Albert Romkes needs the equivalent of a Hail Mary pass to save an academic future jeopardized by the University of Kansas' complicated bureaucracy.
An assistant professor of mechanical engineering at KU since 2005, Romkes was denied tenure in 2011, despite the support of his colleagues. Now, time is running out to save his career, which will likely end with this year's academic calendar in late July.
Since KU refused to grant him tenure, Romkes has tried to piece together why he was spurned. KU administrators say it was Romkes' inability to secure external funding for his projects — a guideline that isn't an official university policy. But Romkes and his supporters say KU's decision may be due to another factor: He's gay.
"I'm the first one to be openly gay in the School of Engineering in the most supposedly liberal campus in the state of Kansas," says Romkes, 39, who was born in the fishing village of Urk, in the Netherlands.
Does he believe that's why he wasn't granted tenure?
"It's a difficult question for me to answer because I don't have any explicit proof," he says. "But I can't exclude it."
Surrounded by his colleagues, Romkes has come to the March 29 meeting of the University Senate for one of his last gasps. A motion is on the agenda that would reinstate a rule giving faculty members who are denied tenure a chance to appeal. A faculty member must show evidence addressing the reason that they were rejected, and the appeal must occur during the so-called "terminal year" that follows the denial, when the professor is still on staff. KU's faculty senate eliminated that appeal in 2007. This motion would give back the appeal only to faculty hired before 2007.
In the weeks following Romkes' tenure denial, he was awarded a $240,000 grant from the National Science Foundation. If the senate passes the motion, Romkes has a fighting chance to save his career.
But first, he must wait in this KU lecture hall through an agenda packed with administrative business so dull, it could be used on sleep-study subjects at KU Medical Center.
The group of senators — made up of students, faculty and support staff — spends a tedious 22 minutes discussing whether to start fall break on a Saturday or a Sunday. Then a couple of officials drone through a 15-minute presentation about how researchers will have to disclose potential conflicts of interest. Finally, two hours into the meeting, the Senate spends seven minutes cutting Romkes' motion from the agenda, likely ending his teaching career in the process.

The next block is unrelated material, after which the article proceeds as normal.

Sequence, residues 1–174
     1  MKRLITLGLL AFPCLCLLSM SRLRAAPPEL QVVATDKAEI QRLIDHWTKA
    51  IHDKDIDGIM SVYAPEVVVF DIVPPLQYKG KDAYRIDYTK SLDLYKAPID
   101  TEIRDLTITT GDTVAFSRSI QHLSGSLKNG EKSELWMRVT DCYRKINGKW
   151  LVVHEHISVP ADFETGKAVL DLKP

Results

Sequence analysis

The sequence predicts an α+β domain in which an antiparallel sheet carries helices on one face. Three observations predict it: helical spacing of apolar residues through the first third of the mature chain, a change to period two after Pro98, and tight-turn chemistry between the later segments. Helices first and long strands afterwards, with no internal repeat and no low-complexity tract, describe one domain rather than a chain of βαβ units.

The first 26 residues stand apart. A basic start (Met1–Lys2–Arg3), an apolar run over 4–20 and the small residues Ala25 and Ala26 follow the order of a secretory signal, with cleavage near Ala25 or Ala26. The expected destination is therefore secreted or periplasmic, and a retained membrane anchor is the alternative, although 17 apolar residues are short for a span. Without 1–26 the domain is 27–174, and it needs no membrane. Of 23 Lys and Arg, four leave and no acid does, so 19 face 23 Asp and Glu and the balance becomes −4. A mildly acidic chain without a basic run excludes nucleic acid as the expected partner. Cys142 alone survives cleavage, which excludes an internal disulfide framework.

Romkes is unfazed. What's another loss?
The University of Kansas' decision to block Romkes' bid for tenure baffled his colleagues. His scholarly record was lauded by promotion and tenure committees in both the mechanical engineering department and the larger School of Engineering.
The only knock on his work was his inability to find external funding for research projects in the unflashy field of computational mechanics. (For example, he has studied how submarines' external materials react in real-life underwater conditions.) And that's what KU administrators seized on.
In October 2010, Romkes appeared to be on track for tenure, receiving the approval of the Mechanical Engineering Promotion and Tenure Committee.
"His advising and supervision of graduate students meets the department expectations, both in terms of numbers of students and progress towards Ph.D," the committee wrote. The committee also acknowledged Romkes' difficulties in getting funding. "Despite submission of high-quality proposals he has yet to successfully meet the departmental expectation of obtaining external funding as a [principal investigator]. Over time it is anticipated that external funding will be received to support his future research."
However, Ronald L. Dougherty, chairman of the mechanical engineering department, pointed to Romkes' funding troubles. "Dr. Romkes is an exceptional faculty member in many ways," Dougherty wrote in his October 18, 2010, review. "However, the independence of his research/scholarly program has not been clearly established."
In December 2010, the School of Engineering's Promotion and Tenure Committee voted unanimously to promote Romkes. Committee chairman Alfred Parr cited Romkes' research and teaching abilities as reasons to grant him tenure. Parr also addressed Romkes' lack of independent funding, writing, "Unfortunately, his field of expertise is computational fluid dynamics where funding is very tight."